Kernel Rating (out of 5):
MPAA Rating: PG Length: 94 minutes
Age Appropriate For: 8+. The Pixar film is about the emotions running the mind of an 11-year-old, and her emotional ups and downs after a family move. The film is set inside her mind and some of the jokes about abstract thought and the subconscious might go over children’s heads, there is some scary dream imagery with a dog split into two and a creepy clown; an implied joke about the homosexual heritage of San Francisco; the suggestions of romantic crushes and schoolyard bullying, but not their actual inclusion; and the death of a character, which will absolutely wreck you.
Pixar returns to original ideas with ‘Inside Out,’ a fantastically creative and deeply emotional film. It makes a strong case for the best animated movie of the year.
By Roxana Hadadi
Pixar movies are often defined by two emotions, joy and sadness, so perhaps it’s self-awareness from the animation studio that its latest film, “Inside Out,” is focused on the personified versions of those feelings. And what a great film it is: “Inside Out” is undoubtedly the best animated release of the year so far, full of sincerity, empathy, humor, and gentleness, perfectly tuned for parents and children alike.
Well, children of a certain age. The young girl at the center of the film, Riley (voiced by Kaitlyn Dias), is 11 years old, and that’s probably how old children should be to see “Inside Out” and truly get it. Its focus on the mind is simultaneously detailed but light-hearted, and while parents will understand jokes about abstract thought and the subconscious, older children might, and younger children certainly will not. At a recent press screening, most children younger than about 8 years old seemed to focus on the bright colors and wonderful animation of “Inside Out,” but become confused by or check out of the plot; they’re not going to get it. This is one for the older kids.
The film focuses on Riley and the five emotions responsible for her feelings and personality, who are led by Joy (voiced by Amy Poehler, of “They Came Together”), a zanily energetic sprite of a thing who sprinkles like a star. She, along with Fear (voiced by Bill Hader, of “Cloudy with a Chance of Meatballs 2”), Disgust (voiced by Mindy Kaling, of “This is the End”), Anger (voiced by Lewis Black), and Sadness (voiced by Phyllis Smith, of “Alvin and the Chipmunks: Chipwrecked”), are responsible for all of Riley’s feelings, behaviors, and choices, and their decisions create Riley’s core memories and her “islands” of personality.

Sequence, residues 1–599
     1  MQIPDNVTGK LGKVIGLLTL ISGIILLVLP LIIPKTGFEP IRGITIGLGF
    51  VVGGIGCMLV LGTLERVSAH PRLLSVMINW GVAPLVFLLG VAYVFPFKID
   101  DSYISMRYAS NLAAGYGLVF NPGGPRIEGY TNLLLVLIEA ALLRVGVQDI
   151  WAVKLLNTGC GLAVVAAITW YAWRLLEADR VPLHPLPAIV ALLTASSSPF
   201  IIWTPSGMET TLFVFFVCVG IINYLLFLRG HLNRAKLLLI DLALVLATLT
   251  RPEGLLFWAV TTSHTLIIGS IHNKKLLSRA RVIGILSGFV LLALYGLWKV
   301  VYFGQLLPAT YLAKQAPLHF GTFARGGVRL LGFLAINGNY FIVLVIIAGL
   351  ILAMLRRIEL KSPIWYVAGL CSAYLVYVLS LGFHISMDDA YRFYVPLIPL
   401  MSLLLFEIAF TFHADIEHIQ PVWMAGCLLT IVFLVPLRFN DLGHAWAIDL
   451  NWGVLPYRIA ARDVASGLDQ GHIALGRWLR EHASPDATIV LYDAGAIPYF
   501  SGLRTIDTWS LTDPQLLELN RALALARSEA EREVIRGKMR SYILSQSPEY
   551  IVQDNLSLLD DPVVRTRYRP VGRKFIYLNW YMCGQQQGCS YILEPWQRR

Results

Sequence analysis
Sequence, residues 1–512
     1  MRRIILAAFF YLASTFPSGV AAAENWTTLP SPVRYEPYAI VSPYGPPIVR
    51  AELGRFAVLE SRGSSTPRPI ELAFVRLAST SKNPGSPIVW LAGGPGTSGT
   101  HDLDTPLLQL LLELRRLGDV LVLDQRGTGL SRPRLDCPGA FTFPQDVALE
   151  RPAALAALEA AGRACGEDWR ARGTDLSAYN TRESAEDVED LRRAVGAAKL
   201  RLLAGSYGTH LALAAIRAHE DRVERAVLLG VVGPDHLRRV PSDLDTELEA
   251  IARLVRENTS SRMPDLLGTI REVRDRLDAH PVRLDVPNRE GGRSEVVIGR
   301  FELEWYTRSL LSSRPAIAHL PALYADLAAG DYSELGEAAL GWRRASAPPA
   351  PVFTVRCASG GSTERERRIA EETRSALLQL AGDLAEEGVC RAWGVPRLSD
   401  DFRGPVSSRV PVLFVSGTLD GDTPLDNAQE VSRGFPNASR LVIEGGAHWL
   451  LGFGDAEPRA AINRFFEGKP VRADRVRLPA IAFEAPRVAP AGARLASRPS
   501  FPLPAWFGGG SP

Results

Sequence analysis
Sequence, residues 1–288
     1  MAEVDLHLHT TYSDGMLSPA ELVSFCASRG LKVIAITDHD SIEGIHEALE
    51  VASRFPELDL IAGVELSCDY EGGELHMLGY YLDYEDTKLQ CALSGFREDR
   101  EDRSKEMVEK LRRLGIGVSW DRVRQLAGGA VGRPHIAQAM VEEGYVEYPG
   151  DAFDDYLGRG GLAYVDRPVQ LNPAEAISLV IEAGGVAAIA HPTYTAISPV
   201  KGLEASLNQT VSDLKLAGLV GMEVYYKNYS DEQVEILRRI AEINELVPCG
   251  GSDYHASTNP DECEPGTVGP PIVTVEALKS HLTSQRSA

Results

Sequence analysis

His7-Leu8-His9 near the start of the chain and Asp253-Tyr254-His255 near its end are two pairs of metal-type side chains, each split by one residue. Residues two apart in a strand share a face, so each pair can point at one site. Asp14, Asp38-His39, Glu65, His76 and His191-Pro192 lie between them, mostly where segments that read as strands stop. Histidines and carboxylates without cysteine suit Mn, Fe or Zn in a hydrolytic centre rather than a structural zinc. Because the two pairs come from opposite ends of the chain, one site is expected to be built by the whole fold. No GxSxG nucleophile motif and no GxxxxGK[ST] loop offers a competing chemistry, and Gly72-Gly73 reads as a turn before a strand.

At the beginning of the film, Riley is defined by her love for her family and friends, her passion for hockey, her goofiness, and her honesty, and Joy wants to keep her happy by limiting the influence of Sadness on her life. But when Riley and her family move from Minneapolis to San Francisco, her routines are upended and her personality changes—worsened when Joy and Sadness accidentally get lost in Riley’s mind. If they don’t find their way through her long-term memory, imagination, subconscious, and dreams, then her personality will be lost forever. And with Fear, Disgust, and Anger influencing Riley while Joy and Sadness are lost, there’s potential for disaster with every decision they make.
The most important relationship in the film is between Joy and Sadness, with the former first rejecting the latter (“I’m not actually sure what she does,” Joy snarks of Sadness) until she realizes how intimately they are linked, and how that understanding develops is a nice narrative journey for the film. No one wants to be sad, but the purpose sadness serves is an important one for our growth and our understanding of ourselves, and it’s nice to see that played out onscreen.
Plus, the characterizations of the feelings and how they interact with each other will be good starting points for conversation within families after viewing the film. What emotion understood Riley the best? What if another emotion was the leader, not Joy? What do we think our own emotions would look and act like? Families could dissect those themes for a while.
But “Inside Out” isn’t just insightful; it’s also wonderfully funny—especially when the film cuts to other people’s minds, and how the emotions in them are running things—and beautifully animated, with memories stored like colorful bowling balls and the “islands” of personality depicted like elaborate carnivals.
At one point in “Inside Out,” Joy confidently states, “There’s always a way to turn things around,” and what the film does best is showing how true that statement can be, for a variety of different personalities and people. How “Inside Out” acknowledges and accepts everyone, exactly as they are, is its greatest strength.
Interested in a previously released film? Read our reviews of films already showing in your local theater.